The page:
The west is a danger for Islam
Islam is not a danger to Europe and the West, but the other way around. At least according to Frits Bolkestein, former leader of the free-market liberal VVD party and now one of the Netherlands' elder statesmen.A politician who has always fancied himself an intellectual, Mr Bolkestein has been making the rounds promoting his latest book, The Intellectual Seduction: Dangerous Ideas in Politics.
Death of multiculturalism
At a reading in Amsterdam, he was typically blunt. He disparaged cultural relativism, claiming that Western culture is superior to other cultures. He called for leaders in Europe to stand up for fundamental Western values such as freedom of expression and individualism. He says he doesn't need French President Nicolas Sarkozy, German Chancellor Angela Merkel, or British Prime Minister David Cameron to tell him that the multicultural society is dead (as they all did within the past 12 months). Mr Bolkestein himself claims to have kicked off the debate on multiculturalism when he said the same thing in the Netherlands twenty years ago.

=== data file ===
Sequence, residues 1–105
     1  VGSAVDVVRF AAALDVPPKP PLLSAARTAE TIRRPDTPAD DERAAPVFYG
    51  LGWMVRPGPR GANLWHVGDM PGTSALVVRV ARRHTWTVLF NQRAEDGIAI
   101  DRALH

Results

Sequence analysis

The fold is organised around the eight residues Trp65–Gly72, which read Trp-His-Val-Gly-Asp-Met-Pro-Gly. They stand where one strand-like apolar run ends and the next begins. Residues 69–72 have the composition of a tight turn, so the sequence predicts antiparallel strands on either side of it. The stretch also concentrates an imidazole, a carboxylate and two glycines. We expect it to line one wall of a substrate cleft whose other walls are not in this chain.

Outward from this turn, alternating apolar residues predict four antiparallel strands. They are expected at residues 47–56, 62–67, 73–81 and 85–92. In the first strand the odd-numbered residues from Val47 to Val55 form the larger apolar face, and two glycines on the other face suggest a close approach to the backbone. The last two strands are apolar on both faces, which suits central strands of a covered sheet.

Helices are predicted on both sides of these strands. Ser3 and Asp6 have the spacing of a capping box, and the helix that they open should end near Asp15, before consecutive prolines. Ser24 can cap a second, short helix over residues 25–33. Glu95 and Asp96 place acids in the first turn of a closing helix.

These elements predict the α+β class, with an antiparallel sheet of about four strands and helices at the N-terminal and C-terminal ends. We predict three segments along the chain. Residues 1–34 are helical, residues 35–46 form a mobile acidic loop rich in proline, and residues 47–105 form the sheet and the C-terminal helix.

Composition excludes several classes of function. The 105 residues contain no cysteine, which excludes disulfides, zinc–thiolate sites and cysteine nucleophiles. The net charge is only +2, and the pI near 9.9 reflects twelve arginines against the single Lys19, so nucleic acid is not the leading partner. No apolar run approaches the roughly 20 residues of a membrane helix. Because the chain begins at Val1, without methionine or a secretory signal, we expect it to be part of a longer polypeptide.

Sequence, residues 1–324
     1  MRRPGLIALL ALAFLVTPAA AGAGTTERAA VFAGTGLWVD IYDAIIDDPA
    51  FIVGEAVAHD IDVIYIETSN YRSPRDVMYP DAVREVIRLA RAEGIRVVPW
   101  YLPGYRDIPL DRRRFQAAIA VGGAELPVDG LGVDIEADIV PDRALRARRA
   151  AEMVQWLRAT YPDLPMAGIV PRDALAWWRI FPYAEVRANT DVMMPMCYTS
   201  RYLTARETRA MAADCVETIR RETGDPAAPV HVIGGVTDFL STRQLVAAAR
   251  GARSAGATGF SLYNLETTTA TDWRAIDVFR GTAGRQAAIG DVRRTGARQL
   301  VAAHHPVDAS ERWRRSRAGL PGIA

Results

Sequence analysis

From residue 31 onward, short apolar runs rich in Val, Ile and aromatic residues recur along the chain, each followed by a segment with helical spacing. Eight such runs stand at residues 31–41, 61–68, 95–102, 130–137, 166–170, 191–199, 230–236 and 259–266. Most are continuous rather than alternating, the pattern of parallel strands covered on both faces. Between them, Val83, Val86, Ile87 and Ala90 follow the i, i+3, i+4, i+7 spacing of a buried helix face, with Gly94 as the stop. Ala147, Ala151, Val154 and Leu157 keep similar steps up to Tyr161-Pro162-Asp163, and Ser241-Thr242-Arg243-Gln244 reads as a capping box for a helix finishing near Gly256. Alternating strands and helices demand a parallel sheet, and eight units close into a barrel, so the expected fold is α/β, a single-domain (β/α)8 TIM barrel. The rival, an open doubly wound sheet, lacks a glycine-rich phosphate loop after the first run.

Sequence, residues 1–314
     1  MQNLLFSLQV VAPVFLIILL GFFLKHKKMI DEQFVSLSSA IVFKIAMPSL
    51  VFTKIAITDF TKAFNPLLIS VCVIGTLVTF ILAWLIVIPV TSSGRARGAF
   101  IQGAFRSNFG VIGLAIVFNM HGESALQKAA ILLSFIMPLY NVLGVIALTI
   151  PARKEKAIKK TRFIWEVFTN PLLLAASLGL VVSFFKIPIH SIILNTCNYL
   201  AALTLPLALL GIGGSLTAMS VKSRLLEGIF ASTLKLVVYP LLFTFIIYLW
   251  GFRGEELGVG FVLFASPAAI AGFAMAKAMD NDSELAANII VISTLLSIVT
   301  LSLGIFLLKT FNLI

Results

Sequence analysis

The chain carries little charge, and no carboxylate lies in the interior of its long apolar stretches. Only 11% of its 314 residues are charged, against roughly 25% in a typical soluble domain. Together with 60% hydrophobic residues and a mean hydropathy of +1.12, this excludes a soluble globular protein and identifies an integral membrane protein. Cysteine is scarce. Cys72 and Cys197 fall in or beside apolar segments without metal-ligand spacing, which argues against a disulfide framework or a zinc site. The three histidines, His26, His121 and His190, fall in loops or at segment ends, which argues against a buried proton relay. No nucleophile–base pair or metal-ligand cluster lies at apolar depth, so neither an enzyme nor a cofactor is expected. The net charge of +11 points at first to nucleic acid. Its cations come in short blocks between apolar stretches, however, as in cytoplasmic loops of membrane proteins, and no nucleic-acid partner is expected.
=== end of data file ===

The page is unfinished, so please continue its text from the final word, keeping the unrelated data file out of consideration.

These sentiments are shared by Dutch populist Freedom Party leader Geert Wilders, who emerged as a young politician under Mr Bolkestein's leadership. But the elder statesman now has some fundamental disagreements with his former protégé.
Wilders' theme is 'nonsense'
For one thing, Mr Bolkestein believes the integration of non-Western immigrants in the Netherlands has passed an important threshold, and is now going well. One example: women from Turkish and Moroccan origin now have fewer children, on average, than native Dutch women.
But Mr Bolkestein was the most dismissive of Geert Wilders' central theme, that Islam poses a threat to Western civilisation.
'I think that's nonsense. To the contrary, it is us with our ideas, our ideals of individualism and secularism which constitute a danger to Islam. That's why they react so strongly.'
Mr Bolkestein says the attacks in New York, London and Madrid were acts of desperation, not shows of force. They demonstrated the Islamic world's current weakness in the face of Western culture. While the Islamic world at one time was powerful and prosperous, that is no longer the case. Young Muslims now look to the West for inspiration and want to study and live in Western countries.
Who we are
Mr Bolkestein also dismisses the idea that resentment for the West in the Islamic world has its roots in military campaigns such as the US-led war against Iraq, or support for Israel's occupation of Palestinian territory.
'The ill-feeling from the Islamic world for the West is not for something we have done, but for who we are, and we can't change that.'
Copyright Radio Netherlands World